The Review/ Feature/
Claire Denis: Close Encounters
With her stunning new sci-fi epic High Life, the ever-daring French auteur continues to create a cinema without borders
The TIFF Cinematheque retrospective Objects of Desire: The Cinema of Claire Denis begins Friday, March 8.
In the 30 years between her debut Chocolat and last year’s double feature of the romantic drama Let the Sunshine In and the controversial science-fiction epic High Life, Claire Denis has directed more than 20 short and feature films, creating one of the most singular bodies of work in contemporary world cinema. Though her films have revolved around a recurring constellation of themes — including the nature of desire, the representation of race, and the many possible definitions of “family” — Denis’ cinema defies easy categorization. Ranging freely across genres, subjects, tones, and methods, she has explored an extraordinary range of experience while remaining inimitably herself.
Born in Paris, Denis spent most of her youth in West Africa, where her father served as a colonial administrator. Returning to France in her adolescence, Denis gained admission to IDHEC, the national film school, where she studied under such luminaries as director Peter Brook and cinematographers Pierre Lhomme, Henri Alekan, and Sacha Vierny. After scoring her first job on a film set as an extra in Robert Bresson’s Four Nights of a Dreamer in 1971, she worked as an assistant for Dušan Makavejev (Sweet Movie) and Jacques Rivette (Out 1), and then travelled to the United States to work on Wim Wenders’ Paris, Texas and Jim Jarmusch’s Down by Law.
Though Denis’ own work displays many traits of those she apprenticed under — Makavejev’s sexual frankness, Rivette’s elliptical narratives, Wenders’ magisterial tracking camera, Jarmusch’s affinity for outsiders — she quickly established her own distinct style and set of preoccupations. Marked by an intimate sensuality that contrasts with her often harsh subject matter, Denis’ films are made up of fragments constantly coalescing and dispersing, creating a visceral “in-the-moment” experience that renders her characters uncannily familiar even as their motives and drives often remain mysterious.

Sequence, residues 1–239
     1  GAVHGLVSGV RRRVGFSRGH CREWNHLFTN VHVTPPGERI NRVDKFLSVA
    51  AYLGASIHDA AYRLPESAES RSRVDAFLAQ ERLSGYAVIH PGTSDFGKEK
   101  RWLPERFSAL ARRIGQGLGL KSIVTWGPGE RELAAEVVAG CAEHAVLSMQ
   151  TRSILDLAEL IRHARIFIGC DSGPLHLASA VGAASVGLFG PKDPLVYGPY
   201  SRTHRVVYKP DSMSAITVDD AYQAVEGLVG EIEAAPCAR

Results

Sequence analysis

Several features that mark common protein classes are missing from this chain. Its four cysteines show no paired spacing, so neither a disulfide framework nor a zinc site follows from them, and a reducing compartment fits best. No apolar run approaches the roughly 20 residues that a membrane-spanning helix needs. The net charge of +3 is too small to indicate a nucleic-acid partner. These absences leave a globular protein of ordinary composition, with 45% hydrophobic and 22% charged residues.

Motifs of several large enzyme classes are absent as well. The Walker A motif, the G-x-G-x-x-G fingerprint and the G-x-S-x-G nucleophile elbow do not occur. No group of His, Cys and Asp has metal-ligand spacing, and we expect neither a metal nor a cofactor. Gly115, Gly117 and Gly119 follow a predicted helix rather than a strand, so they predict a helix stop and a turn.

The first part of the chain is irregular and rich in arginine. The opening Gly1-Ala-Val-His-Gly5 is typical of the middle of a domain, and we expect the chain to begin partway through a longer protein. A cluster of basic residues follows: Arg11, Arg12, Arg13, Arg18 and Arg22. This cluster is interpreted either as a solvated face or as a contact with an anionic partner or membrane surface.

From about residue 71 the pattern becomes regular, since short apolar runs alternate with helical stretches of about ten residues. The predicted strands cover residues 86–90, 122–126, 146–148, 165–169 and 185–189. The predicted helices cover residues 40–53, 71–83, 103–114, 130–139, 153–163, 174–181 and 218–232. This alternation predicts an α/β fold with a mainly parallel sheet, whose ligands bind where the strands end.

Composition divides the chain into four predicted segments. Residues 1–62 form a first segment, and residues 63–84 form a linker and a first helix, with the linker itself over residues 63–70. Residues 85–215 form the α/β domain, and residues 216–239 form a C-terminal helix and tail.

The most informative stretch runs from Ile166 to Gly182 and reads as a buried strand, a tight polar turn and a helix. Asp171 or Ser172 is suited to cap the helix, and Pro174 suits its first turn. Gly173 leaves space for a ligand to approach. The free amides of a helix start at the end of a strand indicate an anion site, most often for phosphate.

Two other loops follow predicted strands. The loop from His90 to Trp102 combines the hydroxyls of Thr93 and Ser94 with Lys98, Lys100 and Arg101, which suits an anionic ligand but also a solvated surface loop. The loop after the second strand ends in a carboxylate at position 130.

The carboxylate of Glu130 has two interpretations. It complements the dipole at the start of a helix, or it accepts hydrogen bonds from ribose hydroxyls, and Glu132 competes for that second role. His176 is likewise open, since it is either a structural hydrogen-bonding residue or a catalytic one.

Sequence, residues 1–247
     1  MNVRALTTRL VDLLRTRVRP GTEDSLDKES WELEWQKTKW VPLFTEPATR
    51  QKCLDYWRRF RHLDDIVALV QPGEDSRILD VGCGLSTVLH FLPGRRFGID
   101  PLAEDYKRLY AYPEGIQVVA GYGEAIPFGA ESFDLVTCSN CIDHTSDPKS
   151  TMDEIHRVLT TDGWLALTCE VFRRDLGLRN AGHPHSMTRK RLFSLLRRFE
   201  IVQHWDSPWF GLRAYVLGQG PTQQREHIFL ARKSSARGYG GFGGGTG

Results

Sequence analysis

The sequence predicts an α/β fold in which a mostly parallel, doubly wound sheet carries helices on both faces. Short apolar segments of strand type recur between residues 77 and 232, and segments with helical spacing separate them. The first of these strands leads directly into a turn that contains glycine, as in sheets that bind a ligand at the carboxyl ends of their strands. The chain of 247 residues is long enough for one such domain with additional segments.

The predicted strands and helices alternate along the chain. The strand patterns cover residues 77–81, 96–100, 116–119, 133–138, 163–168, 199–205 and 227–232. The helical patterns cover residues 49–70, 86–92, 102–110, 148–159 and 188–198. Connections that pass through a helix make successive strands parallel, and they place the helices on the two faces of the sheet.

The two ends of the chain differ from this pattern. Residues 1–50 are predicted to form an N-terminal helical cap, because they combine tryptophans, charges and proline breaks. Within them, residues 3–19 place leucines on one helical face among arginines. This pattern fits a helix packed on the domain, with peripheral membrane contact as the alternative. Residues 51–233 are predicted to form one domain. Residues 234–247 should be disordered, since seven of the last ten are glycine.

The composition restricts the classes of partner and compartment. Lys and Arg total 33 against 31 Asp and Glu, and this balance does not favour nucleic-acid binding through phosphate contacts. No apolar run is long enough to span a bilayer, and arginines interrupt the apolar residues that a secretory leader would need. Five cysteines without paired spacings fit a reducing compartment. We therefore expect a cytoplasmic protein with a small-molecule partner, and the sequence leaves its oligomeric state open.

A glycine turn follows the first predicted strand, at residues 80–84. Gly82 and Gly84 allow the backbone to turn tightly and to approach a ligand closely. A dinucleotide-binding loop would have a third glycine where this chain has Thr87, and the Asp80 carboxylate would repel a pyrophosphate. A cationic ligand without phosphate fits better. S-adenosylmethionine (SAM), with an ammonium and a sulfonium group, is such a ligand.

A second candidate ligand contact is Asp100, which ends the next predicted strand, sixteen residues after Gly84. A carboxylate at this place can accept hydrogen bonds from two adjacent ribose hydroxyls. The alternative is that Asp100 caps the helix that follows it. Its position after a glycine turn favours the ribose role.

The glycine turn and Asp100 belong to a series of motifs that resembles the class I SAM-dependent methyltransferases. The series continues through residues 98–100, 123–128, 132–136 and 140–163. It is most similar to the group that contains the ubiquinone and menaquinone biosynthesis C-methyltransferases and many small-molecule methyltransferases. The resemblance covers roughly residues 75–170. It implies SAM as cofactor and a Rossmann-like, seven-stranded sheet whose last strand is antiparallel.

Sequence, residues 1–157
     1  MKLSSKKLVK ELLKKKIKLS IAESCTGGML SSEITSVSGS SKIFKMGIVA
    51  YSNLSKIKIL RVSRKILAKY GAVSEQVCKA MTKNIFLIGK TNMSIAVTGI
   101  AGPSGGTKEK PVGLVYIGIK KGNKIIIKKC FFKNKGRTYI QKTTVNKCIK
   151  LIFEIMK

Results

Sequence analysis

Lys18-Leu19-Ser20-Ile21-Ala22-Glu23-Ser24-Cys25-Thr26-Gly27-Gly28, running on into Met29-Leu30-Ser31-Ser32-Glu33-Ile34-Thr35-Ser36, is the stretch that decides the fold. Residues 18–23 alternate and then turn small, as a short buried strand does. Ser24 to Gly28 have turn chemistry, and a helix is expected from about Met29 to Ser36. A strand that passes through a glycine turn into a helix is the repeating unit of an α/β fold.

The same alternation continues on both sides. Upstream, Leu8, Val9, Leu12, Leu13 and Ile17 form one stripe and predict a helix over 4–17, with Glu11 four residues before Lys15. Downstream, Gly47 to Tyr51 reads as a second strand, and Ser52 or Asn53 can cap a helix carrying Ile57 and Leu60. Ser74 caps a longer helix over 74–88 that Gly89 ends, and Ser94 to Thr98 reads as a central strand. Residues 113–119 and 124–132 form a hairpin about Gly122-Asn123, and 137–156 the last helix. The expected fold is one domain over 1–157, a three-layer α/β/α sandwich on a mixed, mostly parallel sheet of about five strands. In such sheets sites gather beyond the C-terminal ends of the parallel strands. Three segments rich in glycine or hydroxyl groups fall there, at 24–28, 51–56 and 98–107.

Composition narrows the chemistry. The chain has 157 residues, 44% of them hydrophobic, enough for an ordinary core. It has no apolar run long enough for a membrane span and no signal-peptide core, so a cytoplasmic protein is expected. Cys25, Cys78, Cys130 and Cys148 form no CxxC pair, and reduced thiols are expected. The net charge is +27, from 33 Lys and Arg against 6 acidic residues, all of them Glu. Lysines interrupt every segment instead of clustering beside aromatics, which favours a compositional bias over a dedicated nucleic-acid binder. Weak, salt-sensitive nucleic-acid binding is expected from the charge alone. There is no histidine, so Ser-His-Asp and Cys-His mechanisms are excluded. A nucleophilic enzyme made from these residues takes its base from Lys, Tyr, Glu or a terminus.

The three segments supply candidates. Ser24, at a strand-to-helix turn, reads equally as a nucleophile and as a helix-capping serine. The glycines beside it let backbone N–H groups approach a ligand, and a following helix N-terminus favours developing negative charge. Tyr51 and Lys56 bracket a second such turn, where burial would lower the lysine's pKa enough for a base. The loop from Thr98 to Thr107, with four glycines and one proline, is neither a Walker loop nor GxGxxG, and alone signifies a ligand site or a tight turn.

The extraordinary proximity Denis creates between audience and character allows the viewer to slowly, almost intuitively understand her protagonists’ struggles, pains, difficulties, and desires, bringing us so close to their experiences that we cannot help but see something of ourselves reflected in them: we feel the alienation and pain of the immigrant brothers who run a brutal cockfighting ring in No Fear, No Die; we become another sibling to the serial killer of I Can’t Sleep; and, perhaps most disturbingly, in Trouble Every Day we share a frightening complicity with a man struggling to combat a virus that drives him to cannibalism.
More than anything else, it is fearlessness that defines Denis’ cinema, not only in the occasional extremity of her subject matter, but also in her acceptance that borders — between content and form, insider and outsider, desire that liberates and desire that destroys — are perpetually unclear. The fatal rivalry that drives Beau travail and the horrifying deeds in I Can’t Sleep, Trouble Every Day, and Bastards share the same artistic (and human) universe as the touching closeness between fathers and daughters in 35 rhums and High Life, between uncle and newborn niece in Nénette et Boni, between tender one-night lovers in Vendredi soir.
As the increasing unity of our globalized era ironically augments the fracturing of our identities and the fragmenting of our experiences, Denis reminds us of our inescapable nearness to one another through the shared language of the body — a nearness that, whether it be reassuring or unsettling, compels us to confront our own longings and desires, our own personal states of exile, rather than pass judgment on those of others.